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The Indian Express : Editorials & Analysis
     
 
 
 
 
 

 

 
   EDITORIALS & ANALYSIS
Thursday, August 23, 2001

It is Roy’s tirade, not cause

How could Roy attack the issuance of the notice, a routine incident of judicial process?

Manoj Mitta
Manoj Mitta

SHE got a notice alright for participating in a demonstration in front of the Supreme Court to protest its Narmada judgment. But let’s get this clear: author Arundhati Roy is not being tried for that demonstration nor any other form of opposition she has expressed so far to the Narmada verdict, in writing or otherwise. The decision awaited from the court is on something entirely different. It’s about a tirade she launched against the court just for issuing the notice to her on a contempt petition. In her affidavit, she said the notice ‘‘indicates a disquieting inclination on the part of the court to silence criticism and muzzle dissent, to harass and intimidate those who disagree with it.’’

This prompted the court to shift its attention from her alleged role in the demonstration to the manner in which she disparaged the judicial discretion to issue the notice. It observed that the very ‘tenor’ of Roy’s affidavit appeared to be contemptuous. At the last hearing earlier this month, the author responded by daring the court to take action on her affidavit. ‘‘I find the issuance of the notice insulting to me. I stand by my affidavit. If you think it is contemptuous, please proceed against me.’’

Her dramatic defiance of the court created a sensation making her appear as a martyr to the cause she espouses of the environment and tribals ravaged by Sardar Sarovar. The Booker winning author no doubt deserves admiration for sticking to her critique of the judgment in the face of the contempt notice. ‘‘I continue to believe that the judgment disregarded the evidence placed before the court,’’ she said, with much validity. She may also be justified in taking part in the demonstration last December against the judgment, ‘‘even outside the gates of the Supreme Court.’’ Equally, the bench headed by Justice G.B. Pattanaik, dealing with the contempt petition, deserves credit for not questioning the right she asserted in her affidavit to criticise the judgment and to participate in the demonstration. So, it would be simplistic to assume that the issue involved here is a conflict between the court’s contempt power and Roy’s freedom of speech and expression.

The real question is: How could Roy attack the mere issuance of the notice, which is a routine incident of the judicial process? True, the court could well have dismissed the contempt petition right in the first instance without issuing notice to her, activist Medha Patkar and advocate Prashant Bhushan, who were all alleged to have participated in the demonstration while the Narmada Bachao Andolan’s plea to review the Narmada judgment was still pending. But then the court had to take into account the fact that that was the second time Roy and Patkar were being accused of committing contempt in connection with the same case.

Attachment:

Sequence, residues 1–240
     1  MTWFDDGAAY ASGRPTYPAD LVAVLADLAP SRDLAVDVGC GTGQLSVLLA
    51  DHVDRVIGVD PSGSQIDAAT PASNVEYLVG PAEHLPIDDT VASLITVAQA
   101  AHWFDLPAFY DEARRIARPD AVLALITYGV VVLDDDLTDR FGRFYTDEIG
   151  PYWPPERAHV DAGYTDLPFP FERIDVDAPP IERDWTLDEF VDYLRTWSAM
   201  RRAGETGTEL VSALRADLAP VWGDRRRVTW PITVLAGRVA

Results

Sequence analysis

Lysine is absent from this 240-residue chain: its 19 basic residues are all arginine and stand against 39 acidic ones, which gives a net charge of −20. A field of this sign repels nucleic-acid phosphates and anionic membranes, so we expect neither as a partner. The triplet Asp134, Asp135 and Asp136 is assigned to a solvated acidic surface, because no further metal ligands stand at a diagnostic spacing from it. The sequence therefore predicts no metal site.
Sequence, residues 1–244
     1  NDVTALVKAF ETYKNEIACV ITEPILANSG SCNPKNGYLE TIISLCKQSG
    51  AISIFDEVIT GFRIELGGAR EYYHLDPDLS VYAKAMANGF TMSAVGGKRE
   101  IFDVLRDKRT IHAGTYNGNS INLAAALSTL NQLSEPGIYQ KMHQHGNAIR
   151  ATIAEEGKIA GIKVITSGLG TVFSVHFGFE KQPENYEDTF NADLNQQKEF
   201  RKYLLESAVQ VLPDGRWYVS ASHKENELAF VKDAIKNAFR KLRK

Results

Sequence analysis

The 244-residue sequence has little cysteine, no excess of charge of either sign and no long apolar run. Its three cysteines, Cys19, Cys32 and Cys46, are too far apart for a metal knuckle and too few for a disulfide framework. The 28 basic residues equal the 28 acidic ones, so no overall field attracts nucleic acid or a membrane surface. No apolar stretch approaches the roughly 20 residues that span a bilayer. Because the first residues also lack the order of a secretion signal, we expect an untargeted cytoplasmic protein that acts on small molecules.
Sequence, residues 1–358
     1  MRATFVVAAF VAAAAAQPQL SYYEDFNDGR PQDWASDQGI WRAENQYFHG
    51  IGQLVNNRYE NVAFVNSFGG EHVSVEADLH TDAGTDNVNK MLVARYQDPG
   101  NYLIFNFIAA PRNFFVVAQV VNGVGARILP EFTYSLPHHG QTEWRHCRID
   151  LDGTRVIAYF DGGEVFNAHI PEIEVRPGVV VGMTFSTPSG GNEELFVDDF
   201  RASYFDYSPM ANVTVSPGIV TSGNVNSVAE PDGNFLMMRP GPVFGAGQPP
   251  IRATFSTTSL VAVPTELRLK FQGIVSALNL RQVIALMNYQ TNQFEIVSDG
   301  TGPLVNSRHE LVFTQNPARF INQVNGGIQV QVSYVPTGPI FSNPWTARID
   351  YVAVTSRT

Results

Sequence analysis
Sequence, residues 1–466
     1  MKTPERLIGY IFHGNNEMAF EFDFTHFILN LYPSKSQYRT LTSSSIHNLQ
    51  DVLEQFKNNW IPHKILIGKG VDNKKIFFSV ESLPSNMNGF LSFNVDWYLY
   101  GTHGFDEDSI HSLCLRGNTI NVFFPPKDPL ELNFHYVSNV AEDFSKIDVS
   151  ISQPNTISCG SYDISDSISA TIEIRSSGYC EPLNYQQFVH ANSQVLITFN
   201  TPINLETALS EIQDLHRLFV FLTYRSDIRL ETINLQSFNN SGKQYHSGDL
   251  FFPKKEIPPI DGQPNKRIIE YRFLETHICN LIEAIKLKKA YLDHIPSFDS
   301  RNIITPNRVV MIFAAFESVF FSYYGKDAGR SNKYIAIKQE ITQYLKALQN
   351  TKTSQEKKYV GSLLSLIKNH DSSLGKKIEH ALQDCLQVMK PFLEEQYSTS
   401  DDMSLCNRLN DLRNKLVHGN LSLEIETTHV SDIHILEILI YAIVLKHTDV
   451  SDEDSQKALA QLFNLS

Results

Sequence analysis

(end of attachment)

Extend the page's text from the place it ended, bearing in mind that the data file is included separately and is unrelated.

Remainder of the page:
The earlier contempt petition, filed two years ago by the Gujarat government, targeted Roy’s essay on the Narmada case, ‘The Greater Common Good’. Though it let her off then ‘‘in the larger interest’’ of the issue, the court rebuked Roy for using her literary fame to ‘‘distort orders of the court and deliberately give a slant to its proceedings.’’ As it happened, the court erred in making elaborate remarks against her in that order without issuing a notice to her. In the affidavit that is now in question, Roy recalled that the court passed ‘‘an insulting order’’ against her in the first contempt case ‘‘without giving me an opportunity to be heard.’’ As for the current case, her grievance, ironically, is that the court ‘‘displays a disturbing willingness to issue notice.’’

Thus, Roy’s affidavit, which makes such an issue of the notice, is itself contradictory on whether the court should have given the notice or not. She faults the court in both the contempt cases: in the first for not giving the notice and in the second for giving the notice. In Roy’s estimation, the court is damned if it does not and damned if it does. Not surprisingly, the court ticked her off for ‘sermonising’ to it, that too with little knowledge of its process.

The most liberal of judges are likely to be riled when a respondent lectures to them gratuitously that by issuing the notice, ‘‘the Supreme Court is doing its own reputation and credibility considerable harm.’’ Another pearl of wisdom Roy offered to them for their edification is: ‘‘A judicial dictatorship is as fearsome a prospect as a military dictatorship.’’ She even mocked the court for finding time for the contempt petition when the Chief Justice of India refused to spare a sitting judge for the Tehelka inquiry ‘‘even though it involves matters of national security and corruption in the highest places.’’ Whatever the shortcomings of the Narmada judgment, Roy could not be unaware that there have also been cases where the apex court displayed much creative concern to protect the environment and tribals. Since she still made such uncalled for and imbalanced remarks against the court, her own motives in the whole exercise seem suspect.

 
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